HBS Survey Reveals Decreasing U.S. Competitiveness in Global Economy

A survey of nearly 10,000 Harvard Business School alumni revealed a stark lack of confidence in America’s competitiveness in the global economy.

According to the survey, conducted by two HBS professors, 66 percent of the HBS alumni polled believe that the U.S. is falling behind emerging markets, while just 8 percent see it advancing.

HBS Dean Nitin Nohria and professors Michael E. Porter and Jan W. Rivkin, who led the survey, presented the findings at the National Press Club in Washington, D.C., on Wednesday.

Respondents came from 49 states and 121 foreign countries, and more than a quarter of the alumni said that they hold a senior leadership position.

The survey asked whether these business leaders had been personally involved in relocation decisions within the past year. Of 1,767 alumni who had faced such situations, 57 percent were debating whether to move their business activities out of the U.S. Just 9 percent were mulling a relocation into the U.S.

The most common offshore locations considered were China, which 42 percent of those alumni said they had considered, and India, which 38 percent said they had considered. Brazil, Mexico, and Singapore were also frequently considered as new business destinations.

“The U.S. is losing out on business location decisions at an alarming rate,” Porter said in a press release. “However, the U.S. retains its core strengths in a number of important areas such as university education, innovation, and entrepreneurship, which means that we have the resources to reverse this trend.”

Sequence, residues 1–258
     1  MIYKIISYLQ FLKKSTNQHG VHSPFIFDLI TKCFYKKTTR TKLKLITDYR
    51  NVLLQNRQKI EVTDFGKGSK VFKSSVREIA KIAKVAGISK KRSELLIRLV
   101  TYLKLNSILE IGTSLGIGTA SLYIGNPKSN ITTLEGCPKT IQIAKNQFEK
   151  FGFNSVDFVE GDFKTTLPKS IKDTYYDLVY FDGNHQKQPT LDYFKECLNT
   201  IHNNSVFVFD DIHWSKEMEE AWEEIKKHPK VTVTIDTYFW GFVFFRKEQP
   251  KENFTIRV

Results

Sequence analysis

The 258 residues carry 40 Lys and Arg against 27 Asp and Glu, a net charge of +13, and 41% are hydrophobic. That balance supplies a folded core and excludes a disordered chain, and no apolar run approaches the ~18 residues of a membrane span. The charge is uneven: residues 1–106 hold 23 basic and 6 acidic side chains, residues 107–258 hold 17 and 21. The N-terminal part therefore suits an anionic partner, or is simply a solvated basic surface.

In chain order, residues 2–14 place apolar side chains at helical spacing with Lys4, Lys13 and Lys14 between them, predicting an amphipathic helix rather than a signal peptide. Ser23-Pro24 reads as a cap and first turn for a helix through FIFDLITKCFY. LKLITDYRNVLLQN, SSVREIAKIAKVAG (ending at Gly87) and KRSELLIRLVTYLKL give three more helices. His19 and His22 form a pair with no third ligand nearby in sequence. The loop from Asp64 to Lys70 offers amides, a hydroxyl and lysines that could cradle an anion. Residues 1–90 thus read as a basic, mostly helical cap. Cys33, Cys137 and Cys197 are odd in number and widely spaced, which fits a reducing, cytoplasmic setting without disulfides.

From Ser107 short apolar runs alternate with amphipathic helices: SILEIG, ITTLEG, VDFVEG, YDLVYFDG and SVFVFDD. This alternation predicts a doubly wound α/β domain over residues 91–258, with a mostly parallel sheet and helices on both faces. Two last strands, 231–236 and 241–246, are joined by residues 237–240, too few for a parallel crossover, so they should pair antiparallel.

Respondents cited government regulation and taxes, as well as the cost of hiring workers in America and concerns about immigration issues, as factors that hindered their firms from creating jobs stateside.

“One of the most important aspects of this survey was its effort to pinpoint the roots of the country’s competitiveness problem,” Rivkin said in the press release. “This provides important insight for leaders who are seeking ways to boost America’s long-run prosperity.”

In a summary of the survey's results which was released online, Porter and Rivkin wrote, “A fundamentally weakened U.S. economy is not only an American problem but a global risk.”

Their survey is part of the Business School’s U.S. Competitiveness Project. Its results will be published in the Harvard Business Review in March along with data gathered by other researchers involved in the initiative who are analyzing factors that affect the nation’s competitive standing internationally.

—Staff writer Brian C. Zhang can be reached at brianzhang@college.harvard.edu.

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